Michael Chapman - 50
Critic Score
Based on 7 reviews
2017 Ratings: #132 / 712
User Score
Based on 11 ratings
January 20, 2017 / Release Date
LP / Format
Paradise of Bachelors / Label
Folk / Genres
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Your Review


The Line of Best Fit

Easily strong enough to act as an ideal entry point to Chapman's extensive discography, and quite likely the veteran's definitive statement, 50 deserves to reap all possible plaudits.


While there are hacksaw marks here and there, 50 is a finely turned piece that surveys the looming thunderclouds of mortality and the biblical gloom of the times, and – quietly, unshowily – transcends both.

The Independent
Extraordinarily, over a nearly 50-year recording career featuring guitar work infused with all manner of American jazz, blues and ragtime influences, Michael Chapman had never before recorded an American album – a situation rectified here with a combo of younger devotees attracted by his burgeoning reputation as a surviving master guitarist to rival John Fahey.

Even as it draws on new and old songs, 50 presents a startlingly current and nearly apocalyptic vision of America; it’s album full of brimstone and brine, perhaps more perfect for this moment in history than we’d like to admit.


Chapman is an artist who has never had a problem with upending creative expectations, and if 50 isn't the sort of music many of his longtime fans would expect from him, it's also passionate, literate, and the work of an artist who wants to make the most of his late-era career. Not many artists sound this determined and engaged, especially at the age of 75.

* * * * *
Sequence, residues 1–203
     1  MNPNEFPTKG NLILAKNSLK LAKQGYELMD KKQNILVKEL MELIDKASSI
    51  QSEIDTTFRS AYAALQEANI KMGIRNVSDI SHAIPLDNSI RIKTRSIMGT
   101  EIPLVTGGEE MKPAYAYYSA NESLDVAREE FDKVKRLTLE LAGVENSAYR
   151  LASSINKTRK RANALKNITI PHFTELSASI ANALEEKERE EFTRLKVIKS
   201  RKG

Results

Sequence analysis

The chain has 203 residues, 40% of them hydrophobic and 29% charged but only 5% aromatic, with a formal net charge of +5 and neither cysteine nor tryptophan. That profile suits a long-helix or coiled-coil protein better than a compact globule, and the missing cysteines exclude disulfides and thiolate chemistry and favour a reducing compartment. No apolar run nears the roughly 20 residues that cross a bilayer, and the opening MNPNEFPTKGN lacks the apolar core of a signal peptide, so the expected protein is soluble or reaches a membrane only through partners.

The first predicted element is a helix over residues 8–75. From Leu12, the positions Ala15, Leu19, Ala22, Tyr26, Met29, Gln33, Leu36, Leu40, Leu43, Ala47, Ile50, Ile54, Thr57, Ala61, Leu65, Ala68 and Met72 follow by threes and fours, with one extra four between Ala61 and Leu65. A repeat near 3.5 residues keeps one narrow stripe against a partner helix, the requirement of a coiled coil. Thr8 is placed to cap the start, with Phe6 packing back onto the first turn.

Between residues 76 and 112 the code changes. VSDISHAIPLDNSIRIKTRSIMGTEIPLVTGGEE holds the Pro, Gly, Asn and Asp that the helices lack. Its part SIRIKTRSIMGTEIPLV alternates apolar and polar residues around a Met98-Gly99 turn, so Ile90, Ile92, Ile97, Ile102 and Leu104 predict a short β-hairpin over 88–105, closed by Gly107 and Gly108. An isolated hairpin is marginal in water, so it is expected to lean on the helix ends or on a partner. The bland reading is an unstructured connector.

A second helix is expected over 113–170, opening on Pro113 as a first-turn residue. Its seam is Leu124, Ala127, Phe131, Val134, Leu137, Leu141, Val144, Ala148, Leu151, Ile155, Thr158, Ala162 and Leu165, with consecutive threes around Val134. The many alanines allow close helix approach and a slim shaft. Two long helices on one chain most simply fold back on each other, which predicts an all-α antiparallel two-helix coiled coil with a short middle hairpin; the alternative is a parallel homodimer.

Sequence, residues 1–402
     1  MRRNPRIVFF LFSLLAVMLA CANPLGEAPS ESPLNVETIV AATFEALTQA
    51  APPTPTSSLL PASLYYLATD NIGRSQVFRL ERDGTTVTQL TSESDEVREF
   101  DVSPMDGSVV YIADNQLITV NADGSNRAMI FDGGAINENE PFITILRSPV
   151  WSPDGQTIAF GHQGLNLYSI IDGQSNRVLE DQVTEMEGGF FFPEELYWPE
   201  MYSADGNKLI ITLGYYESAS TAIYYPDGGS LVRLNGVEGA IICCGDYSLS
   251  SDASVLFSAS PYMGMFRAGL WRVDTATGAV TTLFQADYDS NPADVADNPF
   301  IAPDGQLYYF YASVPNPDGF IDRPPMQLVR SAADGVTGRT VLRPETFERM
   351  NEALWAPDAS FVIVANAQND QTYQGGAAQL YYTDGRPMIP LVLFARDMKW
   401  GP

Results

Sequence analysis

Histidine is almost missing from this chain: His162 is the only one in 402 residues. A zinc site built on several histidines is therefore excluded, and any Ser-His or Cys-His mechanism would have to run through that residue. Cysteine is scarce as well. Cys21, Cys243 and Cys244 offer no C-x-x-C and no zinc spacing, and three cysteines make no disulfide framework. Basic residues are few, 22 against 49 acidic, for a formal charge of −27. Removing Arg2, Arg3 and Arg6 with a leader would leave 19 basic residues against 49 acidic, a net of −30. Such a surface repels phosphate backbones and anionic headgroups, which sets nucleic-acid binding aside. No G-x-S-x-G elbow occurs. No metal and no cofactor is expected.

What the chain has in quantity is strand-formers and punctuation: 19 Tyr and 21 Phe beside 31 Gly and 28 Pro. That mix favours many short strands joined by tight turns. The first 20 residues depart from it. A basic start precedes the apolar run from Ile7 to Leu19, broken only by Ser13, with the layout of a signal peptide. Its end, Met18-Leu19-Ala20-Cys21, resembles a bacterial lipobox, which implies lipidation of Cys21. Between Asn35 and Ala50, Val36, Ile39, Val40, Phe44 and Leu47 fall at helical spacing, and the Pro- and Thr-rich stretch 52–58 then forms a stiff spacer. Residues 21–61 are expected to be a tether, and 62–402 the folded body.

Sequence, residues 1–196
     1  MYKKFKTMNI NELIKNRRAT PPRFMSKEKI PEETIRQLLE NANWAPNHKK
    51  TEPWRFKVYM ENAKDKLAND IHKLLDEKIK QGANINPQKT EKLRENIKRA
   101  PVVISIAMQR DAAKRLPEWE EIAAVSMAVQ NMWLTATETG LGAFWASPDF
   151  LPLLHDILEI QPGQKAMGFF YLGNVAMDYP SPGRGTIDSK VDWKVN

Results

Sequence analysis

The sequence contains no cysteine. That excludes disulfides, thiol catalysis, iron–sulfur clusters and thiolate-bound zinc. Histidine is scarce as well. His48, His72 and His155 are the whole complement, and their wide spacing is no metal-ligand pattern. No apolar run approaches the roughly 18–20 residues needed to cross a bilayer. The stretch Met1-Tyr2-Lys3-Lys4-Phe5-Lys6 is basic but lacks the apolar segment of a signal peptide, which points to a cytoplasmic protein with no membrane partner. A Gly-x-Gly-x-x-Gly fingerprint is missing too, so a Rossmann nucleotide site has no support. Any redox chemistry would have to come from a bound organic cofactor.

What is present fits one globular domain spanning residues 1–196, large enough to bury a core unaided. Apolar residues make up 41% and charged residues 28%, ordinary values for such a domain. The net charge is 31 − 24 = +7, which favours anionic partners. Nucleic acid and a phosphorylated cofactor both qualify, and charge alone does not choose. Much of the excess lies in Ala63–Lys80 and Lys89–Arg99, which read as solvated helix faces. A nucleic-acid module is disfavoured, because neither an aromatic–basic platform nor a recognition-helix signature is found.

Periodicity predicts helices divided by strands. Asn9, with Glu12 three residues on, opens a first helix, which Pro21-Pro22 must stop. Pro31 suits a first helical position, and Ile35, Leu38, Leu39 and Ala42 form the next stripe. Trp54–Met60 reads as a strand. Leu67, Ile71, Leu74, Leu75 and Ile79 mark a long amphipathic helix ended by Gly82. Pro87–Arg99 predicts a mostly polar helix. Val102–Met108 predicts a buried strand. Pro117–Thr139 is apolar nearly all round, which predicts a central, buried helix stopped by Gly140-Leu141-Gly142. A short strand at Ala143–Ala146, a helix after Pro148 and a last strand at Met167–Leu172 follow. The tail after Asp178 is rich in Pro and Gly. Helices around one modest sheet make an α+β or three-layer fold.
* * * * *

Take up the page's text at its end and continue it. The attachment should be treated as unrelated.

God Is in the TV

So while perhaps not the late career classic one might almost feel obliged to review, 50 adds a welcome ellipsis to an astonishing career of a musician who has not only tackled a myriad of genres but has also embraced (and continues to) the changes and developments of the modern music era.

+ Yeaaaaaah another folk album !
+ Engaged ...
+ Good balance between classic/modern sounds ...

(- ... in America's problems that I, unfortunely, don't know)
- ... But it's not really transcendent
It's a bit old man, a little bluesy and a lot husky...but thankfully that's where the comparisons with Chris Rea end.

This is a trad folk rock album with expansive tendencies that also packs an impressive effortless feel, particularly in regards to the lyrics/vocals.

The only slight weakness is every song here comes in at over 4:40 and give or take use the same basic ingredients, so concentration can dip from time to time.
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#90/Drift Records

Track List

  1. A Spanish Incident (Ramón and Durango)
  2. Sometimes You Just Drive
  3. The Mallard
  4. Memphis in Winter
  5. The Prospector
  6. Falling from Grace
  7. Money Trouble
  8. That Time of Night
  9. Rosh Pina
  10. Navigation
Contributions By
patton, philthy, thisisabtlgrnd
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Added on: January 11, 2017